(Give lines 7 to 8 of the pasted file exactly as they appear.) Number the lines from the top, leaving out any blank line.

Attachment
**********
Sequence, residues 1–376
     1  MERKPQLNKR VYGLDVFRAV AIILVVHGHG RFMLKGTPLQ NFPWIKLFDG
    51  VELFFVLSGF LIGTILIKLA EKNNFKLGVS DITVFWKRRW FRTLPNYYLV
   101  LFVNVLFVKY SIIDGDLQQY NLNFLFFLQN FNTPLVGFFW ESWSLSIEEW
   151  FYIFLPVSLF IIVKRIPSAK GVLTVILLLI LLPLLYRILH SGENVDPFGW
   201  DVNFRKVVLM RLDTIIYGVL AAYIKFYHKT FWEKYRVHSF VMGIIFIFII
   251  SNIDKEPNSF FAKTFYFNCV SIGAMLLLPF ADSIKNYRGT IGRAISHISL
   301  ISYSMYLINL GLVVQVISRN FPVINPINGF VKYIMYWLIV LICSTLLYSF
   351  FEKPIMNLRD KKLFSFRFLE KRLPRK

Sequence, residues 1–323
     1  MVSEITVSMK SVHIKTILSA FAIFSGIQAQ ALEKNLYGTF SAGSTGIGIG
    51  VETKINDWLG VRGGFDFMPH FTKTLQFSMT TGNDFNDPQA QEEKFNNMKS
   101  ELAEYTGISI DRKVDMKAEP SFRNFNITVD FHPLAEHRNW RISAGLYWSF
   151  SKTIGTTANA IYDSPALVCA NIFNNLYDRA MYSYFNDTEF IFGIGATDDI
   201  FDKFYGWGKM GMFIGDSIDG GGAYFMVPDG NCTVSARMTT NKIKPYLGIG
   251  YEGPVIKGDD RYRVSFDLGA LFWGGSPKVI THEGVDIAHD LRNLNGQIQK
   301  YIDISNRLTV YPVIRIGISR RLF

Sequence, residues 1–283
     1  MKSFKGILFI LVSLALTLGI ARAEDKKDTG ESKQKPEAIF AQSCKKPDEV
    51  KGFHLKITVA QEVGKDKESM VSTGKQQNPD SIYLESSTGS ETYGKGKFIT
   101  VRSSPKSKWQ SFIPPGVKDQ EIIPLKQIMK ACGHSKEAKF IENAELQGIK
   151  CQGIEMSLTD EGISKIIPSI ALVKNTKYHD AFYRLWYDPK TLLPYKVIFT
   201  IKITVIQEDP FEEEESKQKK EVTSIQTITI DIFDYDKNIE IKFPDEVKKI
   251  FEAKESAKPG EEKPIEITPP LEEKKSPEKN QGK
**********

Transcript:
   251  SNIDKEPNSF FAKTFYFNCV SIGAMLLLPF ADSIKNYRGT IGRAISHISL
   301  ISYSMYLINL GLVVQVISRN FPVINPINGF VKYIMYWLIV LICSTLLYSF